In the past, when an American administration has been at odds with the Israeli government, Washington has not been able to find the means to prod the Israelis without precipitating formation of a united front in Israel and a corresponding outcry from the American Jewish community. This is why the current ballet is tricky business. Heavy-handed threats to cut off foreign aid or to cut off or suspend arms shipments may only provide the Begin government with an opportunity to rally popular support in Israel for the government's position. The last thing the administration needs is to translate this into a question in Israel of "Reagan or Begin?" For it is Israeli public opinion that the United States needs to turn the Begin government out and realize the Reagan-Labor objective.
Showing too much regard for the Labor coalition also won't work. Rather, it will be perceived as unwarranted meddling by the United States in an internal Israeli matter.
Yet sitting back and letting events take their course may let the moment slip past without exploiting it. In the months preceding the 1981 Israeli election, when the Begin government's popularity was sliding in public opinion polls, the principal cause of public disenchantment was the economic austerity measures introduced by to bring some order out of Israel's fiscal chaos. Israel attempted, with some minor success, to pry more aid out of the United States.
Faced with its own domestic budgetary problems, it may be that the Reagan administration would give some thought to reducing the economic assistance that it extends to Israel, leaving the military aid intact.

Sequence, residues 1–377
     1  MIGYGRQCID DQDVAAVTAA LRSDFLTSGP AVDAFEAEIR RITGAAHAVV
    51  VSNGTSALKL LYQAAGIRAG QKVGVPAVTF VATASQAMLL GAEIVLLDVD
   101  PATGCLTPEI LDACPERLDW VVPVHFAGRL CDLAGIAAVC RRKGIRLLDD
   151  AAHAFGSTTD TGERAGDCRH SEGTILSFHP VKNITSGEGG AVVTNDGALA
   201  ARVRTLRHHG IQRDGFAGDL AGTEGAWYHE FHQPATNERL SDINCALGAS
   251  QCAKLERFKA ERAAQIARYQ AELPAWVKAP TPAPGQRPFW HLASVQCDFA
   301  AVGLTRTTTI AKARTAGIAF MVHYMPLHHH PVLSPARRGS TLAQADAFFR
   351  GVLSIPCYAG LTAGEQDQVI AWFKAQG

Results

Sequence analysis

What ought to be clear -- especially to supporters of Israel in this country -- is that the way the Begin government wants to go with the occupied territories is a road that will only increase Israel's isolation in the short run and compound Israel's internal problems in the future.
For its part, the Labor coalition also needs to be equal to the moment. If the Reagan plan has any chance to work, the Labor opposition needs to overcome its own considerable problems, assert itself intelligently and to speak with a voice that the Israeli electorate will hear.
None of these steps will guarantee success. The Begin government enjoys considerable support in Israel and its West Bank policy is a deeply held article of faith for a strong and assertive segment of the Israeli public. Still, just as Anwar Sadat's visit to Jerusalem could not have been predicted 12 months before it occurred, the chance for success of this latest initiative cannot be dismissed.